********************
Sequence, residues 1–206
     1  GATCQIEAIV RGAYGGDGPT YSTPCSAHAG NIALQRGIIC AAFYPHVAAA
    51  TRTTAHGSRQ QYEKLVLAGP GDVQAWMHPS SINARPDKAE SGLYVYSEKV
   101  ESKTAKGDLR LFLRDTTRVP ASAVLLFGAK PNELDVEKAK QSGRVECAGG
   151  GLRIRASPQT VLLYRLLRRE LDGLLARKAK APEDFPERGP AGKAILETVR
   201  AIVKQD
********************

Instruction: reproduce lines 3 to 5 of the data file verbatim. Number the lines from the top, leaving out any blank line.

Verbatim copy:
    51  TRTTAHGSRQ QYEKLVLAGP GDVQAWMHPS SINARPDKAE SGLYVYSEKV
   101  ESKTAKGDLR LFLRDTTRVP ASAVLLFGAK PNELDVEKAK QSGRVECAGG
   151  GLRIRASPQT VLLYRLLRRE LDGLLARKAK APEDFPERGP AGKAILETVR